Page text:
Much of the content of this Washington Post report on the diverging fortunes of delivery pizza giants Domino's and Pizza Hut—the former is thriving, the latter not s'much—passes harmlessly overhead, as remote and incomprehensible as solar wind washing harmlessly over the Earth's magnetic field. Domino's has a successful mobile app for ordering pizzas; Pizza Hut doesn't. Domino's ran a successful campaign promoting its improved ingredients; Pizza Hut may or may not have commercials, but nobody knows, because they're not memorable or good. Domino's leverage brand disruption social mobile something something, and Pizza Hut didn't, probably. Whatever.

Then there's this tidbit, about halfway down:

Yum says it is working hard to turn around the poor performance at Pizza Hut, not only by strengthening its digital offerings but by overhauling its marketing efforts and debuting new menu items that will connect with millennial diners. The company said it recently "had good success" with the debut of its Hershey cookie dessert offering and its bacon and cheese stuffed crust pizza.

This sort of "our brand must connect with the millennials" talk is never not funny, just because the notion of some skinny-jeans-and-plaid-shirt-wearin'-ass millennial putting a thoughtful hand to his bushy lumberjack beard, gazing pensively into the middle distance, and going, "You know, I really feel as though this corporate pizza chain's brand strategy speaks to me, a millennial," is just the dumbest of all the images.

"Connect with milliennials" is just some gobbledygook youthful advertising types say so that clueless boomer business executives will nod and go, "Hmm, yes, the millennials, these young advertising whippersnappers will know how to speak the language of the millennials, with all the yo and the wuzzaaaap and the [that thing the boomer dads do where they turn their ballcaps around backward and cross their arms over their chests and pull a mean mug because they get their pop culture cues from a Robin Williams standup routine from 1994]." And then they fork over a bunch of money to go make a pizza commercial with Skrillex music in it or some shit.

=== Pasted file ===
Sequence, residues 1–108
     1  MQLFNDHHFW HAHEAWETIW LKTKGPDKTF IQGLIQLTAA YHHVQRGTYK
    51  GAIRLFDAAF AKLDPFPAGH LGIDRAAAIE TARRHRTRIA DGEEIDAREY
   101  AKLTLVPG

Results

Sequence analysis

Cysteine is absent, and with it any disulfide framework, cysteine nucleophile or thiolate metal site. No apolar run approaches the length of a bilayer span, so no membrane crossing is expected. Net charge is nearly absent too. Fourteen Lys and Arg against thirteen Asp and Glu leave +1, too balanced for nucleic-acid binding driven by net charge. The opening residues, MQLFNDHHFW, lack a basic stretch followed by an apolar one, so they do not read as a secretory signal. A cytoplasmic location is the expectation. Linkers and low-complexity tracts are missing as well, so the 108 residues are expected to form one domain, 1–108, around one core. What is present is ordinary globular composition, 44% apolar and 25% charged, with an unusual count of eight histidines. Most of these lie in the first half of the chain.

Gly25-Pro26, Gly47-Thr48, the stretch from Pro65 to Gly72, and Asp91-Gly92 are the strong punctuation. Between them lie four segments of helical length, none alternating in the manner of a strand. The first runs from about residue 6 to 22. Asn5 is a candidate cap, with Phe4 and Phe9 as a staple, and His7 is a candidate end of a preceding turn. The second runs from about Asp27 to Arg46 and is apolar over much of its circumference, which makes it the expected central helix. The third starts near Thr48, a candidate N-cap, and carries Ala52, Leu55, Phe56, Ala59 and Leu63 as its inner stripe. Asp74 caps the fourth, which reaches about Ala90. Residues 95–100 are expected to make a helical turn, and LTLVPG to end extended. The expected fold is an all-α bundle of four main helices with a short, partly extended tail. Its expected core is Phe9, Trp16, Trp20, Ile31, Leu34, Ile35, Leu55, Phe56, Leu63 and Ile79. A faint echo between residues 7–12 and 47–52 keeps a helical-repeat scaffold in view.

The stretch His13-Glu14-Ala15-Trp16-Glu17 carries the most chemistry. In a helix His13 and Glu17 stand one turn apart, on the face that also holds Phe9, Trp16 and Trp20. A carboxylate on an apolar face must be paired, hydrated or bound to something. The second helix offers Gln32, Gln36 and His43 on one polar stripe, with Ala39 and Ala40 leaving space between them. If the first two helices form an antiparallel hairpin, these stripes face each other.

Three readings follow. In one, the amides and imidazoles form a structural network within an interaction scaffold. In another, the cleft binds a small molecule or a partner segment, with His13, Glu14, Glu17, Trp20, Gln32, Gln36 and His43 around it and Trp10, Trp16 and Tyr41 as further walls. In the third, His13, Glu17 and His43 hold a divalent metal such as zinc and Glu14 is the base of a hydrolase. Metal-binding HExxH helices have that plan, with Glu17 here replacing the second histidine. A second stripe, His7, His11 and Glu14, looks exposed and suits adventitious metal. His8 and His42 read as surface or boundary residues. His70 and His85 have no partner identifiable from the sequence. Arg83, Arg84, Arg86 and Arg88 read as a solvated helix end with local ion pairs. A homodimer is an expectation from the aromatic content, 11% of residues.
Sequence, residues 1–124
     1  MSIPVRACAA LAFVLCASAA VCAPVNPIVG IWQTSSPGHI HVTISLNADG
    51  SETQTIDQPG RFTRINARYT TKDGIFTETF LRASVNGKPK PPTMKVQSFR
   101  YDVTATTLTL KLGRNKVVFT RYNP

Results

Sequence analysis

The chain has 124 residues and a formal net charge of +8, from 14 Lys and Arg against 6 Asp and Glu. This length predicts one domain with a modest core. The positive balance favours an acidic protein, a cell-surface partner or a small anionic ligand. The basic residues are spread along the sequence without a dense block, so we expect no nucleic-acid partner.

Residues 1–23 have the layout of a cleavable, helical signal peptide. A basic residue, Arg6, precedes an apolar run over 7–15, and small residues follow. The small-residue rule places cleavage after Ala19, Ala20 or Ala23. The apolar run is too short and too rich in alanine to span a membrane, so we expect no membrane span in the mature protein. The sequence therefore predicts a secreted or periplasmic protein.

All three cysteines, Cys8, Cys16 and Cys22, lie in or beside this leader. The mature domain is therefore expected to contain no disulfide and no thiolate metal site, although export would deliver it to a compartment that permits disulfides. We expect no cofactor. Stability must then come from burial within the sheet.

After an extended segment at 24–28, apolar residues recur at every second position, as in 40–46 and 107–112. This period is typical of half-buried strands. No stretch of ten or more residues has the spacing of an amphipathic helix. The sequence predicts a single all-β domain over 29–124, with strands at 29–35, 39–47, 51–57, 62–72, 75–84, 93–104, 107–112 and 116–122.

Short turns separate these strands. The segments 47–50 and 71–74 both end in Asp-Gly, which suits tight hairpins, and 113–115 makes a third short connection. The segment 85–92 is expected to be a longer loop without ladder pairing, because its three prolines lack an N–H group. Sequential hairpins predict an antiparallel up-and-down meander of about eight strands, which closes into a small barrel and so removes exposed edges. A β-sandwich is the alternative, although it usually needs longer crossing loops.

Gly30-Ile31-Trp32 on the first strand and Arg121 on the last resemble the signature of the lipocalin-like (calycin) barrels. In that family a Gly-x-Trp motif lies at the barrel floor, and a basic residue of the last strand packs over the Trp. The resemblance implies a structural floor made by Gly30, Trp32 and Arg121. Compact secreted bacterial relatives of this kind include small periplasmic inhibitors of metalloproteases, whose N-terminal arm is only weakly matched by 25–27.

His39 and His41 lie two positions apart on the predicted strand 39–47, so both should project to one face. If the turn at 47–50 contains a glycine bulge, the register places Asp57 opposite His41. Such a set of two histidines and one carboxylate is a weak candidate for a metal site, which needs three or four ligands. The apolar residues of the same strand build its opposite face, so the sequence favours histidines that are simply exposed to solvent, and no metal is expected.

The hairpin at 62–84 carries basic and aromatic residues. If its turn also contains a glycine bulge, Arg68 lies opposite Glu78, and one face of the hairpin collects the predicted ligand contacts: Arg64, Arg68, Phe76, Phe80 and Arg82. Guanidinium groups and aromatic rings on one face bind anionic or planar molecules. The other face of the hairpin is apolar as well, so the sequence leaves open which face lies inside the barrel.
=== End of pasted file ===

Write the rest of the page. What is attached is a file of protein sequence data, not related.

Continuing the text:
Still, though, even if "connect with the millennials" talk tells us nothing about millennials, it tells us plenty about what brands and their exponents think of millennials. And, if the examples Pizza Hut gives of recent successful millennial-targeted brand initiatives—the same ol' giant chocolate-chip cookie you can get from any other shitty pizza chain, distinguished only by its association with a famous purveyor of famously bland chocolate, and a pizza crust stuffed with fucking bacon and cheese—can shed some light on what Pizza Hut thinks of millennials, jeez, man, Pizza Hut thinks millennials are fuggin' boring.


Are they right? Do the millennials feel that bacon-and-cheese-stuffed pizza and garbage chocolate are the right delivery snacks to eat while live-Instagramming their Molly parties or whatever? Maybe so. After all, Yum! Brands (Pizza Hut's parent company) considers these sad offerings "good success." That's kind of disappointing, millennials! Even as bender grub, bacon-and-cheese-stuffed pizza is weak.

Millennials, you have a responsibility to ask more of your garbage-food brands. After all, Yum! Brands is the same company that owns KFC, which famously abandoned all gestures toward good taste or good sense or sanity or dignity years ago, in favor of such baldly ludicrous offerings as a "sandwich" made of two fried chicken breasts with bacon and mayonnaise pinned between them. Can you not demand the same of Pizza Hut? Can you not require it to earn your business, if not the hard way (by making genuinely good food), then at least the hilarious way?

Imagine the possibilities of a truly unhinged Pizza Hut. A "pizza" with a crust made entirely of stretchy cheese, with a thin layer of nacho cheese sauce separating it from the topping layer of bacon and more cheese? A pizza rolled up into a log and deep-fried and you dip it in blue cheese dressing? Sauce and cheese cooked into little baked dough-balls, and you order them by the thousand, and then a remote-controlled attack drone strafes your home and unloads them through your walls via Gatling gun?


Make it happen, millennials! Speak with your wallets! Settle for nothing less than the dumbest possible Pizza Hut offerings. And, someday, please, when you've chased Pizza Hut to the wild outlands of millennial-courting desperation, and the time comes to ralph your stuffed-crust bacon-and-ranch P'Zone root-beer float into your buddy's fedora, for God's sake, post it on YouTube.

[Washington Post]

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